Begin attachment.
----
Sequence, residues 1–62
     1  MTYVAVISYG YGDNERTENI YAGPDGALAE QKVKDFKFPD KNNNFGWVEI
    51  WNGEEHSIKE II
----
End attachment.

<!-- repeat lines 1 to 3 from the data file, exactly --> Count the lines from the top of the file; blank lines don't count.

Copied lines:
Sequence, residues 1–62
     1  MTYVAVISYG YGDNERTENI YAGPDGALAE QKVKDFKFPD KNNNFGWVEI
    51  WNGEEHSIKE II